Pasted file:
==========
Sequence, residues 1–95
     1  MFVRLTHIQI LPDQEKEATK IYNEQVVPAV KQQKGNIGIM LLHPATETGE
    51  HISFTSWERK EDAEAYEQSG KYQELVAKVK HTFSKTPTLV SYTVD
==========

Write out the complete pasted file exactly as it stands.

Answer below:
Sequence, residues 1–95
     1  MFVRLTHIQI LPDQEKEATK IYNEQVVPAV KQQKGNIGIM LLHPATETGE
    51  HISFTSWERK EDAEAYEQSG KYQELVAKVK HTFSKTPTLV SYTVD